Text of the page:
The Minneapolis Warehouse District can be found between Hennepin Avenue and 2 nd Avenue North between the CBD and North Loop. Much of the Warehouse District is listed on the National Register of Historic Places and consists of warehouses that are six to eight stories high and built in the early 1900s. The district has a high concentration of restaurants, bars and retail and is a known for its sports and entertainment including Target Center, and six historic theaters.

Loring Park, on the southwest corner of downtown Minneapolis, is the largest park in the Central Community of Minneapolis and lends its name to the surrounding neighborhood. Highlights in the district include the Walker Art Center, Basilica of St. Mary, Minneapolis Community and Technical College, Minneapolis Convention Center, and the Minneapolis Sculpture Garden. The park is surrounded by apartment buildings, many dating from the early 1900s, and many new town homes and condominiums. Loring Park is locally known for its diverse social environment and as a nexus for many arts and cultural events, boasting over 300 businesses and institutions.

The Central Business District generates more than 40 percent of the Minneapolis tax base. The district includes a little bit of everything: Offices, Retail, Residential, and Entertainment, and is home to thousands of workers and visitors each day. The CBD is the transit hub of the state. The Twin Cities’ 2.5 million residents are all within a half- hour drive and can access Downtown via Interstates 35W, 94 and 394. The Light Rail Transit system’s Blue Line connects Downtown Minneapolis with the MSP International Airport, the Mall of America and Bloomington. The new Green Line, completed in 2014, connects Downtown Minneapolis and Downtown St. Paul. The CBD is also well known for its 8 miles of skyway that connects 80 city blocks.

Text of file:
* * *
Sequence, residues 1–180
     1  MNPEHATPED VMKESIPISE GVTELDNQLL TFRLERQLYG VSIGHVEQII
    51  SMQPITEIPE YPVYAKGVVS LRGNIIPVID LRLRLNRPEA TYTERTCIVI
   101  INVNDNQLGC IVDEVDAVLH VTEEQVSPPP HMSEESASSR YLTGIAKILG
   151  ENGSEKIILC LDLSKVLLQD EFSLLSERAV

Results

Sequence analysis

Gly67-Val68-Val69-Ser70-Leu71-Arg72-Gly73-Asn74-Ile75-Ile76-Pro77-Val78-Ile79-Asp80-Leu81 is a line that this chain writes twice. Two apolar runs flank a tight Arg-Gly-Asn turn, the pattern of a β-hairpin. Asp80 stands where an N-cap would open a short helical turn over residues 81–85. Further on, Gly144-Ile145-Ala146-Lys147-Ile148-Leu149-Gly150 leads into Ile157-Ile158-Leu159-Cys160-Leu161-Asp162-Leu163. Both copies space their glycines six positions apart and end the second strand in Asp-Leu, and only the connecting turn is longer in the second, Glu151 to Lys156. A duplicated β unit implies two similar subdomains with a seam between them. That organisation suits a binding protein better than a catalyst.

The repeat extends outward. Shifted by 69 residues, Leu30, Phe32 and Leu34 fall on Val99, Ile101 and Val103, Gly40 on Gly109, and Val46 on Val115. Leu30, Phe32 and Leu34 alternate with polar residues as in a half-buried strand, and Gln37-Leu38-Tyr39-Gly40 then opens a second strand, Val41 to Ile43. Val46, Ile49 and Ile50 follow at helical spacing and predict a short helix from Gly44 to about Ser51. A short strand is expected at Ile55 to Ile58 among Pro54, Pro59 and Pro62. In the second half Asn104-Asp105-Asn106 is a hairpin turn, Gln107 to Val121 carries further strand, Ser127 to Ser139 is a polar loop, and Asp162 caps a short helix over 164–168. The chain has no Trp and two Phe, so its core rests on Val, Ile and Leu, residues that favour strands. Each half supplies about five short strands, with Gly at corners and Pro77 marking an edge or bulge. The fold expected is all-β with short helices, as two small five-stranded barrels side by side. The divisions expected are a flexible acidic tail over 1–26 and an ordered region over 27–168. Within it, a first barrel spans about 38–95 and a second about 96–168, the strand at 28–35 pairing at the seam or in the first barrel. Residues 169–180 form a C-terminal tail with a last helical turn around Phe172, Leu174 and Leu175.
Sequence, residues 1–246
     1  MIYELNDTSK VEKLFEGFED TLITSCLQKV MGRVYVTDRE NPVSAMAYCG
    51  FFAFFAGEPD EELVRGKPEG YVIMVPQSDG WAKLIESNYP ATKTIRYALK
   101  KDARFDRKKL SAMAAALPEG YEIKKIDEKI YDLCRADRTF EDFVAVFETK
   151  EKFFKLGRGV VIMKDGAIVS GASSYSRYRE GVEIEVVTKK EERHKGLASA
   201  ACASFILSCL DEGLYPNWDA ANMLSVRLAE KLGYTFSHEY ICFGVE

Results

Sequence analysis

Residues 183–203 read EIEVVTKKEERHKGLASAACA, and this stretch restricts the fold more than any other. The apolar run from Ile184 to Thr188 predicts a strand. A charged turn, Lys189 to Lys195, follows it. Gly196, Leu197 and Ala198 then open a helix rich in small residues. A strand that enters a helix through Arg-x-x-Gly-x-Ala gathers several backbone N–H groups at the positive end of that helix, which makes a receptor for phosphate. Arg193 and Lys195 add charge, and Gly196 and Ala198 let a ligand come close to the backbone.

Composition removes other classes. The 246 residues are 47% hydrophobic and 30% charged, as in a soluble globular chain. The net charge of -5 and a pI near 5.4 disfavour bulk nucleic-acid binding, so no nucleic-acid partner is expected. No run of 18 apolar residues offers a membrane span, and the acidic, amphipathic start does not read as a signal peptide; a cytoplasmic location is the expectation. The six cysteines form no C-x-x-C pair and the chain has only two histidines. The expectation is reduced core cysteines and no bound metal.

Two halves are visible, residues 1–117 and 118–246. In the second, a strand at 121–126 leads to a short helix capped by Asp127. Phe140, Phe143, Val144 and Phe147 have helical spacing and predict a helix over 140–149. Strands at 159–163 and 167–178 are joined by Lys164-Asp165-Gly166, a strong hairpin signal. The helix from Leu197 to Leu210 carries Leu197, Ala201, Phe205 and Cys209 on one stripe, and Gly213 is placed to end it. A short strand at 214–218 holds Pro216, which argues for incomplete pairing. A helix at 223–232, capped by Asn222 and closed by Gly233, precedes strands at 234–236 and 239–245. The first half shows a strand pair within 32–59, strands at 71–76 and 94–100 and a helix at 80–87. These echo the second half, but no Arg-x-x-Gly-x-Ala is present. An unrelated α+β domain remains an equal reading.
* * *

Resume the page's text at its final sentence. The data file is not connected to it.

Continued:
The North Loop is located just northwest of the central business district between the Warehouse District and the Mississippi River. Since the mid-1990s, thousands of people have moved to the North Loop. The neighborhood is popular with Millennials and others who work in downtown Minneapolis and can walk, bike, or take a short bus or METRO ride to work. Coffee shops, restaurants, bars, art galleries, and small retail stores have also moved into the neighborhood making it one of the top locations in Minneapolis to live, work and play.

Located across the Hennepin Bridge from Downtown, the NorthEast neighborhood is a mixture of the old and new. The blending of old architecture, classic housing, bustling commercial streets, and industrial work centers, along with new residential high-rises, suburban cul- de-sacs, big-box retail, and a popular art scene has made NorthEast a place of distinction. Sometimes referred to as Old Saint Anthony, the district has a mixture of shopping, entertainment and riverfront recreation. Some of the most popular events include fireworks on New Year’s Eve and Fourth of July, Art-A-Whirl celebrating local artist in May, and the Celebrate Northeast parade in June.


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